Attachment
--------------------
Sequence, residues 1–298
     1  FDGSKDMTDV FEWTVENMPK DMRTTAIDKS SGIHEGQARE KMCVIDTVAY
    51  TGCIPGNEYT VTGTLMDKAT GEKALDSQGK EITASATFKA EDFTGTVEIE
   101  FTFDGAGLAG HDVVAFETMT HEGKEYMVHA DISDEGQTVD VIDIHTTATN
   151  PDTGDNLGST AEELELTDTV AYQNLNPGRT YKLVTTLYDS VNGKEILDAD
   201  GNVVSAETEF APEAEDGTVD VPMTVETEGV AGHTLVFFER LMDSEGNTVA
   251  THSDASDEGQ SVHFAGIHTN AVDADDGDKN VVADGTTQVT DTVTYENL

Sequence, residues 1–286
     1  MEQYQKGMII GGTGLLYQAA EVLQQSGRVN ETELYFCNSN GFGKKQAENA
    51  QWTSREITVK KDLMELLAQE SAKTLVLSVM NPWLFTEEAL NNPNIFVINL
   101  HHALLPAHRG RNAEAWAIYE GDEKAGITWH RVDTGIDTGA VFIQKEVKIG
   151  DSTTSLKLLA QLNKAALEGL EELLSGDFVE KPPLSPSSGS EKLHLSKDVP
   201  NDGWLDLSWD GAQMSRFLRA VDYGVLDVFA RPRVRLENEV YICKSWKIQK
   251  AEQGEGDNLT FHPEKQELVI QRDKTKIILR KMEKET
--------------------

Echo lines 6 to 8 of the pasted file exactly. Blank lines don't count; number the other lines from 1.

   201  GNVVSAETEF APEAEDGTVD VPMTVETEGV AGHTLVFFER LMDSEGNTVA
   251  THSDASDEGQ SVHFAGIHTN AVDADDGDKN VVADGTTQVT DTVTYENL

Sequence, residues 1–286